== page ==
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Estimates of consumptive use and ground-water return flow using water budgets in Palo Verde Valley, California

Water-Resources Investigations Report 87-4070

By:
and

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Abstract

Palo Verde Valley, California, is an agricultural area in the flood plain of the Colorado River where irrigation water is diverted from the river and groundwater is discharged to a network of drainage ditches and (or) the river. Consumptive use by vegetation and groundwater return flow were calculated using water budgets. Consumptive use by vegetation was 484,000 acre-ft in 1981, 453,600 acre-ft in 1982, 364,400 acre-ft in 1983, and 374,300 acre-ft in 1984. The consumptive-use estimates are most sensitive to two measured components of the water budget, the diversion at Palo Verde Dam and the discharge from drainage ditches to the river. Groundwater return flow was 31,700 acre-ft in 1981, 24,000 acre-ft in 1982, 2,500 acre-ft in 1983, and 7 ,900 acre-ft in 1984. The return-flow estimates are most sensitive to discharge from drainage ditches; various irrigation requirements and crop areas, particularly alfalfa; the diversion at Palo Verde Dam; and the estimate of consumptive use. During increasing flows in the river, the estimate of groundwater return flow is sensitive also to change in groundwater storage. Change in groundwater storage was estimated to be -5,700 acre-ft in 1981, -12,600 acre-ft in 1982, 5,200 acre-ft in 1983, and 11 ,600 acre-ft in 1984. Changes in storage can be a significant component in the water budget used to estimate groundwater return flow but is negligible in the water budget used to estimate consumptive use. Change in storage was 1 to 3% of annual consumptive use. Change in storage for the area drained by the river ranged from 7 to 96% of annual groundwater return flow during the 4 years studied. Consumptive use calculated as diversions minus return flows was consistently lower than consumptive use calculated in a water budget. Water-budget estimates of consumptive use account for variations in precipitation, tributary inflow, river stage, and groundwater storage. The calculations for diversions minus return flows do not account for these components, which can be large enough to affect the estimates of consumptive use. (Author 's abstract)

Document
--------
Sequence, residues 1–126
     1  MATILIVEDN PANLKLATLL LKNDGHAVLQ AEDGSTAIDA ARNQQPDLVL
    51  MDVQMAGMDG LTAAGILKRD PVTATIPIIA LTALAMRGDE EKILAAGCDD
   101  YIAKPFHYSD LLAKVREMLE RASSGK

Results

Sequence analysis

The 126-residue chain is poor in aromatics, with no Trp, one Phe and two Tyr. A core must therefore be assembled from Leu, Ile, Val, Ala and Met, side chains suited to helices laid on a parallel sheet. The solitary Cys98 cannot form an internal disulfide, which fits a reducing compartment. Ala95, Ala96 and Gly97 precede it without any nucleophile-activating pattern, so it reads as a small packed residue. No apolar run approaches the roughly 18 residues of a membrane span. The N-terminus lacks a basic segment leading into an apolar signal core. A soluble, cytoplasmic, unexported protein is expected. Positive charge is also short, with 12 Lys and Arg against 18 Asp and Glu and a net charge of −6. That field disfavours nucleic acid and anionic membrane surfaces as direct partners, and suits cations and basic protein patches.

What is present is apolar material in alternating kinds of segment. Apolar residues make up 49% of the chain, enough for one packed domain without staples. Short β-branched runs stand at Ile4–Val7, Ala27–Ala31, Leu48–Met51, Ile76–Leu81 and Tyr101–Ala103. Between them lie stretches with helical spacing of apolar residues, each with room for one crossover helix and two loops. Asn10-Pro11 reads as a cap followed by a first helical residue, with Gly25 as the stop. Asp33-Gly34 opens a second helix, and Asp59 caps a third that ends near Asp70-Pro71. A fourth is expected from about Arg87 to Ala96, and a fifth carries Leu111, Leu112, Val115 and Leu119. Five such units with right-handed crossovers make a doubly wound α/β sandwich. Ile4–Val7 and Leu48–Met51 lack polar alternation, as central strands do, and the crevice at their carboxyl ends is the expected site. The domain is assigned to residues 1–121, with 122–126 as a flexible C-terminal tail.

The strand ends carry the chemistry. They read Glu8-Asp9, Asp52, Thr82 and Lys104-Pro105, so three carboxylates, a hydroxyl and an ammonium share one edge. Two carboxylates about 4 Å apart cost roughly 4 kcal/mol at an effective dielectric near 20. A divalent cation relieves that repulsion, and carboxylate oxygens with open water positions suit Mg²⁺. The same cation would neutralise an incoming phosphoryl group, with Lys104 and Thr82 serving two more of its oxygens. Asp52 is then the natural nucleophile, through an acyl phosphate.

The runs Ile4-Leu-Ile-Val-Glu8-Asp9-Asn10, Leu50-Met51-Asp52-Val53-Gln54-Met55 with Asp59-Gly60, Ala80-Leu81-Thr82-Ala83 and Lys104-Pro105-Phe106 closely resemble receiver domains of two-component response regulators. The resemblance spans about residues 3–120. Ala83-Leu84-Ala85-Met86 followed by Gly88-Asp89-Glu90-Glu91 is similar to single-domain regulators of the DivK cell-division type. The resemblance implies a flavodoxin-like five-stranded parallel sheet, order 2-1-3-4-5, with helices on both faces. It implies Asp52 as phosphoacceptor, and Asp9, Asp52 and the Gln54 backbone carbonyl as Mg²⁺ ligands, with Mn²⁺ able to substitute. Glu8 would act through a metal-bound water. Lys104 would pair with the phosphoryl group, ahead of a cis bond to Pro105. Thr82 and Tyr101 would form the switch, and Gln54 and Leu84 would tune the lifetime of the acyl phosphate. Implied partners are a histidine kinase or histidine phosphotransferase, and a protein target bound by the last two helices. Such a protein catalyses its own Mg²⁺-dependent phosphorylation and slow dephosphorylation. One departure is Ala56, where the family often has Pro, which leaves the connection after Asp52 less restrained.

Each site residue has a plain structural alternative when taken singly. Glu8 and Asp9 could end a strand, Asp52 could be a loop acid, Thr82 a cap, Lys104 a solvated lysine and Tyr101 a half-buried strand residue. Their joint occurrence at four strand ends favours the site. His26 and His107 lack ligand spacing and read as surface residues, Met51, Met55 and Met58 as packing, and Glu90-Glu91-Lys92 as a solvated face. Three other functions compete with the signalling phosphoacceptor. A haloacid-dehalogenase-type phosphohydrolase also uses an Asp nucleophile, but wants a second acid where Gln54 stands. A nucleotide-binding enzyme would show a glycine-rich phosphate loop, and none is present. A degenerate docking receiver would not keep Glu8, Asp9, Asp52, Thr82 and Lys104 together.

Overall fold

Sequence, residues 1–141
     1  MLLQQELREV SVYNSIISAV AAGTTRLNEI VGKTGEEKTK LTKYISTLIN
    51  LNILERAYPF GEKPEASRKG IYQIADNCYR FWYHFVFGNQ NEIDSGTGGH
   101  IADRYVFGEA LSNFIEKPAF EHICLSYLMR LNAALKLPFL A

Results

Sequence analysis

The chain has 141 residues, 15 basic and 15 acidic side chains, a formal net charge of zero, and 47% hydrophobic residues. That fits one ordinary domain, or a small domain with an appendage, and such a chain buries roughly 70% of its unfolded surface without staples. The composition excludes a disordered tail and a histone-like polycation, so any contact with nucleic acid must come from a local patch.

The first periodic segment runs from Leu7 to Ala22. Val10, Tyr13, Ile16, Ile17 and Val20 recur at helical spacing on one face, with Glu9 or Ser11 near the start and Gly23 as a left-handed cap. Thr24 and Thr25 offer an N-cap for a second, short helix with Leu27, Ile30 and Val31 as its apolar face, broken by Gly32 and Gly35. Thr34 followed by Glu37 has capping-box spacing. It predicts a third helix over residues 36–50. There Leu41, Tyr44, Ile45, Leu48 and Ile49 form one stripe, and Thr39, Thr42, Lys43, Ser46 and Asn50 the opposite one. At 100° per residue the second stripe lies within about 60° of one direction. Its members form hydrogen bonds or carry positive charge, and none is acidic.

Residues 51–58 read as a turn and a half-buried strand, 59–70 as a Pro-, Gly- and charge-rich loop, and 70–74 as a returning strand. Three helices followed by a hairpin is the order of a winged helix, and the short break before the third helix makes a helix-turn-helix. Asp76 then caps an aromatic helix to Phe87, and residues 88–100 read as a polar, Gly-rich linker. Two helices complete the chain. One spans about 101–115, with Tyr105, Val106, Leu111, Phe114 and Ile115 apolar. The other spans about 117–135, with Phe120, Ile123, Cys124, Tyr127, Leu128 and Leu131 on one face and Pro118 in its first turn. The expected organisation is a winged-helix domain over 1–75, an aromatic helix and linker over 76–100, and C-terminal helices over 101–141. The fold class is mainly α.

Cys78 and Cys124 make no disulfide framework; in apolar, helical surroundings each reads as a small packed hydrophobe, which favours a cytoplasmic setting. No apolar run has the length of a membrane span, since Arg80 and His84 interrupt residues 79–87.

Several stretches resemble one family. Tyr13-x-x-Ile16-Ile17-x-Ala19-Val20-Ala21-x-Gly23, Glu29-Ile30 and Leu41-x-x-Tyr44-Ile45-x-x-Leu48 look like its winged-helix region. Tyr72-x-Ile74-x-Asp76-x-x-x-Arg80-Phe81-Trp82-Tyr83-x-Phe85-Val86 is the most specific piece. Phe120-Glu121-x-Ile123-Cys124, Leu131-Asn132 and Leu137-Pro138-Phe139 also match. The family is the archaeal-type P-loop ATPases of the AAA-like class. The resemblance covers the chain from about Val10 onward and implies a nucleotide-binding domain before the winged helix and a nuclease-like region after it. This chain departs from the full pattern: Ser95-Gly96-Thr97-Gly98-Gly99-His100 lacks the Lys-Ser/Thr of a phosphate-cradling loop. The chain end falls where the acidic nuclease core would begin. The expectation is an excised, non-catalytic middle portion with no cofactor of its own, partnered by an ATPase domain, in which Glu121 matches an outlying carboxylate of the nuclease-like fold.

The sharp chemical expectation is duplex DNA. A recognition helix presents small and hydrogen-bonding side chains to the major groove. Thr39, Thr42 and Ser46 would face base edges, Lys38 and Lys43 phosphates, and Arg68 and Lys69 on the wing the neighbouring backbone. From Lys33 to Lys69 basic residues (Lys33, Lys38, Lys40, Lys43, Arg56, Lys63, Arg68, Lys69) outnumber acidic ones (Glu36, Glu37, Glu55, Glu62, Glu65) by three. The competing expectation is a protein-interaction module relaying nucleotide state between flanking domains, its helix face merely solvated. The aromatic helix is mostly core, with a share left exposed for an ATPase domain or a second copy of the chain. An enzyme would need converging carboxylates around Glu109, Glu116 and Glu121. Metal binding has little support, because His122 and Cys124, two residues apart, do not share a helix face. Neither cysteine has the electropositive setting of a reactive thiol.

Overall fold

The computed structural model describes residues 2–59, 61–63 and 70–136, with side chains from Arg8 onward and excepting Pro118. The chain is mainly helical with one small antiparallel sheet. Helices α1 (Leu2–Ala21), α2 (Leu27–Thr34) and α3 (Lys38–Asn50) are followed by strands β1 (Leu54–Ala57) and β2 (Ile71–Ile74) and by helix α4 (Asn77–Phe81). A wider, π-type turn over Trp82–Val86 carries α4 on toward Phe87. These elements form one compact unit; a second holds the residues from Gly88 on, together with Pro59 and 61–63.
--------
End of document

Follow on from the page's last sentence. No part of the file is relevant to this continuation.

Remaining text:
Additional Publication Details

Publication type:
Report
Publication Subtype:
USGS Numbered Series
Title:
Estimates of consumptive use and ground-water return flow using water budgets in Palo Verde Valley, California
Series title:
Water-Resources Investigations Report
Series number:
87-4070
Edition:
-
Year Published:
1987
Language:
ENGLISH
Publisher:
U.S. Geological Survey,
Description:
vii, 50 p. :ill., maps (some col.) ;28 cm.